We enter Holy Week this year just a few days after the year-anniversary of the UK's first lockdown. What a difference a year makes. It's become a staple of the national conversation in recent weeks to observe the transformation in attitudes, plans and expectations from last March up to now, the way that the ongoing Covid-19 crisis has at different moments served to unify and divide, to trigger outpourings of love and of anger, to inspire creativity and provoke dread or despair.
This post is by Dr Timothy Kuiper, a postdoc in Zoology at the University of Oxford who studies elephant conservation in Zimbabwe.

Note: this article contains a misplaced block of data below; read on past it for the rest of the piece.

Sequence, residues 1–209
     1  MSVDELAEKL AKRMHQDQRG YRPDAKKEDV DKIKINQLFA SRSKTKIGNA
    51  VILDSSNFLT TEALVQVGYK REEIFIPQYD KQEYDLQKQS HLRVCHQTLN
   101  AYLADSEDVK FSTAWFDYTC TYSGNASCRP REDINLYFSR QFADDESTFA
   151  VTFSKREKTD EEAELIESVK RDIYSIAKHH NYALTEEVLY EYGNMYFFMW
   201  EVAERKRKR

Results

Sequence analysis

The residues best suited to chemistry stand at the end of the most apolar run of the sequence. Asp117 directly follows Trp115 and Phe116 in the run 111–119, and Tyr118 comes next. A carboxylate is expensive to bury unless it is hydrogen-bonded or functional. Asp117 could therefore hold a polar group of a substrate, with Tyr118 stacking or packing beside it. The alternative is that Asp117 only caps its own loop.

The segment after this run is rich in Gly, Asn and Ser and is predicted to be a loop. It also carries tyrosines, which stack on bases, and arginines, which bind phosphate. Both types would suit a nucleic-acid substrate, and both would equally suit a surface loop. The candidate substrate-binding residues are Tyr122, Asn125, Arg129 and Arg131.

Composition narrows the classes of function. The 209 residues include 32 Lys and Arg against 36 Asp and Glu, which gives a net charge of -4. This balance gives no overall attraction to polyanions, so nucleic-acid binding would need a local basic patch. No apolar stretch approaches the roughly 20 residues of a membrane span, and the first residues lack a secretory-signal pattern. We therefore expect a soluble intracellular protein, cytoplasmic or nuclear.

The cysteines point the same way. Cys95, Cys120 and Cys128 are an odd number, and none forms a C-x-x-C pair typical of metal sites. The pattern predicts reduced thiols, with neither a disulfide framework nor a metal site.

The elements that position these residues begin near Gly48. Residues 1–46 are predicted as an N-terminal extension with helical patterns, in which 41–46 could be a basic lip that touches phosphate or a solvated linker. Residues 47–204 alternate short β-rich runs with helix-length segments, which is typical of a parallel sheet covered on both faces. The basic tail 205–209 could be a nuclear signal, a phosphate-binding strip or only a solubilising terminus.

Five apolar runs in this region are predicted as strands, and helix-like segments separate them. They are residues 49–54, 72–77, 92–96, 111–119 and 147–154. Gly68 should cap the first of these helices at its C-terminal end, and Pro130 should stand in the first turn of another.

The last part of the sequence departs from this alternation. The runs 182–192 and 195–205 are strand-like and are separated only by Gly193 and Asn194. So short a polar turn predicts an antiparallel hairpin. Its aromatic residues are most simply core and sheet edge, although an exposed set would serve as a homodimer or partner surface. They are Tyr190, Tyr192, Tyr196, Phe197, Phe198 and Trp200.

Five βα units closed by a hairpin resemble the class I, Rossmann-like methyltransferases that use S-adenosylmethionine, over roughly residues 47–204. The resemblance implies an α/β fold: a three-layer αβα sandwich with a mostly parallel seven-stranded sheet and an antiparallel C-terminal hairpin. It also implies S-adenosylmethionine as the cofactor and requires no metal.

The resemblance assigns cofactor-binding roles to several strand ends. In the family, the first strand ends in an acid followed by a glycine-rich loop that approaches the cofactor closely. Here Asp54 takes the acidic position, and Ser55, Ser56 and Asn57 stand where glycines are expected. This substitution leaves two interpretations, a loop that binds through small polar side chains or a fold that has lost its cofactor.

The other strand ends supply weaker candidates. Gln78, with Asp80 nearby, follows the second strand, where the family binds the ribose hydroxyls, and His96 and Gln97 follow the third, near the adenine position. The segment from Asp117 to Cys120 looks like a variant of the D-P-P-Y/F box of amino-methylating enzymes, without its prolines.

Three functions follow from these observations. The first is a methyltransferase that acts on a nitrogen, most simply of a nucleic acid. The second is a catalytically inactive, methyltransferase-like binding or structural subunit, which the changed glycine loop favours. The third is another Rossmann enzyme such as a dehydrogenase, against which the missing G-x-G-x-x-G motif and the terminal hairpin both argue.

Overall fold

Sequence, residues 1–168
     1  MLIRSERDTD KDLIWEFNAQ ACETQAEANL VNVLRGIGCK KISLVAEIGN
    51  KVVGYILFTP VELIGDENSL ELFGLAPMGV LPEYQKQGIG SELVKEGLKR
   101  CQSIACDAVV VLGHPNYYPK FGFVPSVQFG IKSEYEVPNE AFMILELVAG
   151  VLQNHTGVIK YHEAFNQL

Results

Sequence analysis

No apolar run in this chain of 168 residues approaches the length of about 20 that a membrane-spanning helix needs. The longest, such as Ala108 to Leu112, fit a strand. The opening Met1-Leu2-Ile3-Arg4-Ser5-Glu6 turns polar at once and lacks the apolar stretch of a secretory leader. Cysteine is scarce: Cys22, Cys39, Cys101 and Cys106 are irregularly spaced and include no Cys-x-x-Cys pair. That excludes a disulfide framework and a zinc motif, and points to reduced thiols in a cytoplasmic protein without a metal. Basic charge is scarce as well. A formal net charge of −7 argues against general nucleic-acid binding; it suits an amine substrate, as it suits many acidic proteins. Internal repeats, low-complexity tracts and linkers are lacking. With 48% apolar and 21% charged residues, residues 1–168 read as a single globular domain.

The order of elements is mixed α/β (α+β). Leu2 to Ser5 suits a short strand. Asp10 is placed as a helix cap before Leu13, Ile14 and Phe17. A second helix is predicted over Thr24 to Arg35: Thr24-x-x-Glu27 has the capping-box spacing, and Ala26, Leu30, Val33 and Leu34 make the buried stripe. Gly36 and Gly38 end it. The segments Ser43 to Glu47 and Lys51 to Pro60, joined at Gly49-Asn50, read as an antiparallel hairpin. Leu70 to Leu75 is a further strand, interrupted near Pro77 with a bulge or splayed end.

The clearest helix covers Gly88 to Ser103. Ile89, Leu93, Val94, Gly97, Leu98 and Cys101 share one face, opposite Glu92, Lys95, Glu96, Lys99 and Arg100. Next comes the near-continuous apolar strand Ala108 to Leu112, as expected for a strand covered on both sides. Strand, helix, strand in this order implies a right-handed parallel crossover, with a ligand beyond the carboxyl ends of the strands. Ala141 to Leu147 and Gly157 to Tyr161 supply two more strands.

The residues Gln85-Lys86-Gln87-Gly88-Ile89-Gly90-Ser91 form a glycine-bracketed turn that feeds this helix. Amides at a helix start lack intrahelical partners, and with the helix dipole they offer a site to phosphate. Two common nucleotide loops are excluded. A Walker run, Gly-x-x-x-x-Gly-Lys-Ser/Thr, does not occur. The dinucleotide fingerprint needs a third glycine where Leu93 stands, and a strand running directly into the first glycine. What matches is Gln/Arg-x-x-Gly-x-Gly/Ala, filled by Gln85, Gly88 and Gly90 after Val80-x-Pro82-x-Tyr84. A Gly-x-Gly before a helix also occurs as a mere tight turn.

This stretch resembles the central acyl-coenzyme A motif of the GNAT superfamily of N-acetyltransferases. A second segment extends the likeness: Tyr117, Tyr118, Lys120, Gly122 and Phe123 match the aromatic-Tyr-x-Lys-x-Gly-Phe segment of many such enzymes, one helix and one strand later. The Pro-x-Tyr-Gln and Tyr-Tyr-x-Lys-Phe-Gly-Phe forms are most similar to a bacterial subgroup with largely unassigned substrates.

This is my take on Goliath's pagan worldview. I mention rabbit superstitions, Genghis Khan and Wallace and Gromit.
Today I want to share a fascinating story of Christian celebration of biodiversity. In the highlands of Ethiopia, circular church buildings are surrounded by patches of the forest that once covered the landscape. Varying from less than a hectare up to thousands, these forests host a wide diversity of both animals and plants, and include individual trees hundreds of years old. But as farming has intensified, the church forests have been shrinking and their regeneration is threatened by cattle grazing.